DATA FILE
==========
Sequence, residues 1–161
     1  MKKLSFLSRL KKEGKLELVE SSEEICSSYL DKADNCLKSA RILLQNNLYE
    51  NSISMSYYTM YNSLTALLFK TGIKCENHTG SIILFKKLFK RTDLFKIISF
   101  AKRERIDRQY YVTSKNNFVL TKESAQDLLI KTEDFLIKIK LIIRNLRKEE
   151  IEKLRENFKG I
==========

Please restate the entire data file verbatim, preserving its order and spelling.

Sequence, residues 1–161
     1  MKKLSFLSRL KKEGKLELVE SSEEICSSYL DKADNCLKSA RILLQNNLYE
    51  NSISMSYYTM YNSLTALLFK TGIKCENHTG SIILFKKLFK RTDLFKIISF
   101  AKRERIDRQY YVTSKNNFVL TKESAQDLLI KTEDFLIKIK LIIRNLRKEE
   151  IEKLRENFKG I